The UK could exhaust its oil and gas reserves in just 17 years if production continues at its current rate, according to new figures.
Oil & Gas UK's 2011 economic report revealed there could be as little as 14 billion barrels of oil and gas left off the UK continental shelf.
Around 810 million barrels were extracted last year, 2.2 million barrels a day, meaning reserves could hypothetically be exhausted in 17 years.
The most optimistic estimate puts reserves at 24 billion barrels, which would last around 30 years at the present rate of production. However, the report states that these reserves would require "radical" new technical and commercial innovations to extract.
Production was down 6.5% last year compared with 2009, and could slow to around half a million barrels a day by 2021.
Oil & Gas UK chief executive Malcolm Webb said the industry has the potential to continue to provide jobs, tax revenues and support for the balance of trade and energy supplies for several decades to come.
He added: "We believe that up to 24 billion boe (barrels of oil and gas equivalent) remain to be produced here. The forecasts prepared at the start of 2011 showed that investment to develop these was set to increase dramatically to £8 billion this year and be sustained at that rate for the next five years. Our calculations show that if the investment planned then were realised, over 40% of our primary energy demand (or 60% of oil and gas demand) could still be satisfied from these resources in 2020."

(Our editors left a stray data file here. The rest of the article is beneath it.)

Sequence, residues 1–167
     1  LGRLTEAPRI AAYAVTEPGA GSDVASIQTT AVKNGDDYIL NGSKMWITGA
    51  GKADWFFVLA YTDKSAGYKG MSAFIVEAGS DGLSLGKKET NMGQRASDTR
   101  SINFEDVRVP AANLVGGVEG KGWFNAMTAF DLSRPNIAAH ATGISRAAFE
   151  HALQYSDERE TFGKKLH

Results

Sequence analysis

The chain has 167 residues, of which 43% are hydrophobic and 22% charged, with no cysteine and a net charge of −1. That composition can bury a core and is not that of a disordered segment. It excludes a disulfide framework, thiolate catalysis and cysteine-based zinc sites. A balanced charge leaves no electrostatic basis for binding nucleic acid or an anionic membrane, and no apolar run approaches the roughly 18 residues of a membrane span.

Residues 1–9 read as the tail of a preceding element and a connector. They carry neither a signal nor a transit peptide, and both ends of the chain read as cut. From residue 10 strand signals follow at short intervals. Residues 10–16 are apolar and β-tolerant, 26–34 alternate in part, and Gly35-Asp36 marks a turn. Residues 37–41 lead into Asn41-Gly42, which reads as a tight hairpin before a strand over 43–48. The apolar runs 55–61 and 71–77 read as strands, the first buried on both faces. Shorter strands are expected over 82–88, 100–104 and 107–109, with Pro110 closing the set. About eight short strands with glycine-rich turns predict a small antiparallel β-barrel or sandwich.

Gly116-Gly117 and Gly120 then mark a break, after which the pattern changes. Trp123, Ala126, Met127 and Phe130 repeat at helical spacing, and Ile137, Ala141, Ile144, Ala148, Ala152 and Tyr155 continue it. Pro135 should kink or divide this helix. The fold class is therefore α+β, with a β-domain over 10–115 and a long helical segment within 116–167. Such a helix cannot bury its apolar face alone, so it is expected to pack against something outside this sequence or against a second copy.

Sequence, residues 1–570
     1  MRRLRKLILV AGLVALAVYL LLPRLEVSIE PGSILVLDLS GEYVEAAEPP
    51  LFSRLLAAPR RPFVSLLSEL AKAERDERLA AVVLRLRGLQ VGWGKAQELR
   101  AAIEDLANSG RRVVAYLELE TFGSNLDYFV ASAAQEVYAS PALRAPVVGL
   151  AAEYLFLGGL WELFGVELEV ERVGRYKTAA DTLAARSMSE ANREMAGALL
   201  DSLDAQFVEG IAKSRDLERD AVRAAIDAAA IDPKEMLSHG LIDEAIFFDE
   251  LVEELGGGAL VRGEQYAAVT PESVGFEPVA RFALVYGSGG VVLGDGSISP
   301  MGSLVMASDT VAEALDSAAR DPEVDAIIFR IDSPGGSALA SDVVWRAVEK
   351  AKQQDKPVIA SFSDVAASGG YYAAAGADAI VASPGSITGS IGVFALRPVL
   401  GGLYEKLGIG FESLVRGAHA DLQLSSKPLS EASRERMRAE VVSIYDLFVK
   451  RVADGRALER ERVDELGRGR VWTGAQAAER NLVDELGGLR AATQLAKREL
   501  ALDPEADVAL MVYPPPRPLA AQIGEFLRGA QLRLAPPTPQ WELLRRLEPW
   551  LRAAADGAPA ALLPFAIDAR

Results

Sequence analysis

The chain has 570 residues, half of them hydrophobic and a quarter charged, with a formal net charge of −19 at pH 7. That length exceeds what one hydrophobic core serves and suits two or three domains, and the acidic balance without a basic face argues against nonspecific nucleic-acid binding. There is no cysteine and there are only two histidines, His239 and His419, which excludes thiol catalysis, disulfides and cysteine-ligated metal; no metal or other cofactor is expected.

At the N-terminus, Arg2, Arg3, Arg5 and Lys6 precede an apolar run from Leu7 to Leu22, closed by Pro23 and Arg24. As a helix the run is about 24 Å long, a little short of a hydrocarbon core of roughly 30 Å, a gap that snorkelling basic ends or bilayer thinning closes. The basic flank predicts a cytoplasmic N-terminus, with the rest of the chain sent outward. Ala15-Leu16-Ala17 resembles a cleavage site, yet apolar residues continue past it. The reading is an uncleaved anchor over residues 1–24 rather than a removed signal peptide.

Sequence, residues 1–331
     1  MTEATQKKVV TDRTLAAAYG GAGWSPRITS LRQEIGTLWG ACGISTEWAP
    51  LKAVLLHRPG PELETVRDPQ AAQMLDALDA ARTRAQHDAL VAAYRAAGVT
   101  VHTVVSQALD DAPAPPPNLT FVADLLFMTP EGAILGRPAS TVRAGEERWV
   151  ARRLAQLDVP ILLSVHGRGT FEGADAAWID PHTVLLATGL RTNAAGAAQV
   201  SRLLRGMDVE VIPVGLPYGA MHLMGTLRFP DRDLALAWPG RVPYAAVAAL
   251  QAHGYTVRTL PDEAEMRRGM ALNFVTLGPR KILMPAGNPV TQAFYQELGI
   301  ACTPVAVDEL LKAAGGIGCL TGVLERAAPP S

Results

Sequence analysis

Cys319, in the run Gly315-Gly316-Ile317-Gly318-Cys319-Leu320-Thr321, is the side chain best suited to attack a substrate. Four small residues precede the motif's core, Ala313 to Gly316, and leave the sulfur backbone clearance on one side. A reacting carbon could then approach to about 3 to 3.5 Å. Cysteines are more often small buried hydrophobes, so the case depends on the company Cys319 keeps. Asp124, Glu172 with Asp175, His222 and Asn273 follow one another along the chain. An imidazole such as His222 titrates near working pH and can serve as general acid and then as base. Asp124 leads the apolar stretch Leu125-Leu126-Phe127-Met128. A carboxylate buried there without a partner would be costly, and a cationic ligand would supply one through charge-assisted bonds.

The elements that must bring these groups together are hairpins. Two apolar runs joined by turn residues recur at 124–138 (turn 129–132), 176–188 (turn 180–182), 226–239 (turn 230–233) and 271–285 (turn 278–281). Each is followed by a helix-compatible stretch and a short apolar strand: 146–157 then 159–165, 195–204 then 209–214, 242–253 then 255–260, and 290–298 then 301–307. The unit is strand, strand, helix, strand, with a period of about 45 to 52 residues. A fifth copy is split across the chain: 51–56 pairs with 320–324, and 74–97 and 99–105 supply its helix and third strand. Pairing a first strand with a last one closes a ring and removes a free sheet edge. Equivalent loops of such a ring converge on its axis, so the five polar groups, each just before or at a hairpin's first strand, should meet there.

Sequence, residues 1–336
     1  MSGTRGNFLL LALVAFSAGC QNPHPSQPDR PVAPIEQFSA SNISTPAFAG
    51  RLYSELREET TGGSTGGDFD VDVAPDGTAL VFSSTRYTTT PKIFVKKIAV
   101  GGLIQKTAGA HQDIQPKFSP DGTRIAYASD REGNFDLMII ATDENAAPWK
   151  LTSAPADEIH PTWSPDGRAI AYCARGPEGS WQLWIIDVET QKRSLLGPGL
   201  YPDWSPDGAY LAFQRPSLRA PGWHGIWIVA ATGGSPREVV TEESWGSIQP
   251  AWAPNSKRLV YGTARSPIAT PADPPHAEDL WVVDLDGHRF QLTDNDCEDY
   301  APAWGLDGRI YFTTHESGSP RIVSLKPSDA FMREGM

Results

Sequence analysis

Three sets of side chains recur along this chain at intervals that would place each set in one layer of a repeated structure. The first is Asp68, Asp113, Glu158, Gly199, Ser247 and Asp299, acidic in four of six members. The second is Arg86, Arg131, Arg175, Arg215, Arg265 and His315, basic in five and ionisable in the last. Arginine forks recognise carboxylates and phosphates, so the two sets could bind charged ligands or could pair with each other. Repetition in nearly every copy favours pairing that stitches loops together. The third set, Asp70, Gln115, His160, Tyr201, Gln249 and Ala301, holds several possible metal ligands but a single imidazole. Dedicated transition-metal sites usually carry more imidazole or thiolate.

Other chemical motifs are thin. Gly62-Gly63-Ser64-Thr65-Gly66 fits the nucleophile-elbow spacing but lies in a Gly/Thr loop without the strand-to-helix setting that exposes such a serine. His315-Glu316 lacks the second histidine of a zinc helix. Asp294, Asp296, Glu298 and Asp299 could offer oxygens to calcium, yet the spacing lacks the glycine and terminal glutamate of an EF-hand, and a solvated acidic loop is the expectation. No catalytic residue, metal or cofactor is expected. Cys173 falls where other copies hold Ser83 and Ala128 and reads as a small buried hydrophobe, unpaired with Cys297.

Some 40 billion barrels of oil have already been extracted from UK waters, amounting to between 62% and 74% of the UK's total reserves based on the current estimates.
However, SNP Westminster energy spokesman Mike Weir said there is still as much oil left off UK shores as has already been extracted.
Mr Weir said: "The oil and gas industry continues to be a vital part of our economy and clearly there continues to be a long-term future for the industry, with as much oil left around our shores as has already been extracted. Unfortunately, the present UK Government has seen fit to damage the prospects of the present industry by sudden tax changes and the future industry by its watering down of attempts to create a greener economy."